BP has expressed an interest in Gazprom extending one of the Nord Stream pipeline lines to Britain and receiving gas, Gazprom Miller told a press conference. “Signals have been received on both British governmental and corporate level that Britain would be interested in one of the new Nord Stream lines being extended to Britain. And that interest has been expressed on the part of BP," Miller said, adding that this was so far a matter of interest only, not negotiations.
Nord Stream ferries Russian gas through the Baltic Sea to Germany. The first of the project's two lines was opened in November and will have an annual capacity of 27.5 bcm. The launch of the second leg in October this year would make Nord Stream a fully automated twin-pipeline gas transport system capable of transporting 55 billion cubic meters of gas annually from Russia to the European Union.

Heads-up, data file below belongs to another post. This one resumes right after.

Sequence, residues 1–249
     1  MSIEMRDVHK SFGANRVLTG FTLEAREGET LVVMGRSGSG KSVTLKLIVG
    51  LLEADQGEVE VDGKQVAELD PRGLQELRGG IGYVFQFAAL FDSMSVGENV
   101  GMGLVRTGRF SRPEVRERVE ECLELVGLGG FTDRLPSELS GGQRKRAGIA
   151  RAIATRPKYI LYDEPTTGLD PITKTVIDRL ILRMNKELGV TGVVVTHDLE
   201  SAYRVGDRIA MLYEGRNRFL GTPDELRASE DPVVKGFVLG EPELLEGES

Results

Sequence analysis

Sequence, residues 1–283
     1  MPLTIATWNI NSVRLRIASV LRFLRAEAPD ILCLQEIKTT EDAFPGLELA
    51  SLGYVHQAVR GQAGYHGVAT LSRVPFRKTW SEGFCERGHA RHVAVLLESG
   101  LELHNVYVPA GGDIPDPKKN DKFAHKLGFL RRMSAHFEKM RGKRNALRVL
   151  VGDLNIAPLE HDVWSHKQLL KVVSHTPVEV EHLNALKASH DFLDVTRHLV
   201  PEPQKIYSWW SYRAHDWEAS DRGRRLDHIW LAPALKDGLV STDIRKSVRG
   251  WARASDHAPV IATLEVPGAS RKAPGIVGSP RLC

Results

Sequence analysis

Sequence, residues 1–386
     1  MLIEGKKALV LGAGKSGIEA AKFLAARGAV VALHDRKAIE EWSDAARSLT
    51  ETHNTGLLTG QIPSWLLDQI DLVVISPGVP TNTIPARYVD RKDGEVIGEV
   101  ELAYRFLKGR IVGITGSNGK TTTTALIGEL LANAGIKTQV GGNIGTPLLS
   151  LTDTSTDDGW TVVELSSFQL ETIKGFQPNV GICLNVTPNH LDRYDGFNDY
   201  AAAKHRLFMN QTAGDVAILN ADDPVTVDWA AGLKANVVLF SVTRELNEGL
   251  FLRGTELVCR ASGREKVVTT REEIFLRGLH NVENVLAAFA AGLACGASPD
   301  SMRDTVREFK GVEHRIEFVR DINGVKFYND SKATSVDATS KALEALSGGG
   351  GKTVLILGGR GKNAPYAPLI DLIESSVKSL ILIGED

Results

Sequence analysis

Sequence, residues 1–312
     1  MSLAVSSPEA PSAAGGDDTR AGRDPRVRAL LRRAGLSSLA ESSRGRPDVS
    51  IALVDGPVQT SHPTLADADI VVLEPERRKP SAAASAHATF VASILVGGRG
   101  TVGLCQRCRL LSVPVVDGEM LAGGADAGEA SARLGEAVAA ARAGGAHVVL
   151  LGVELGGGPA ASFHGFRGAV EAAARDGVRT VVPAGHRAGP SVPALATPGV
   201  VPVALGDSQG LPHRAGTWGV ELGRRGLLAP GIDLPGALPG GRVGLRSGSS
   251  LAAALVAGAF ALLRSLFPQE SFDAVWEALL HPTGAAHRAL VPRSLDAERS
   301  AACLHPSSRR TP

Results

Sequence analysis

Gazprom owns 51 percent in Nord Stream, Germany's Wintershall and E.On each have 15.5 percent, and the Netherland's Gasunie and France's GDF Suez each own 9 percent of the shares.
Miller said participants in the construction of Nord Stream's various strands might differ. "The composition of shareholders could stay the same, it could differ," he said. The lines to continental Europe might have the same shareholders and those to Britain other shareholders, he said. If negotiations are successful then the extension of Nord Stream to the UK could be completed next year.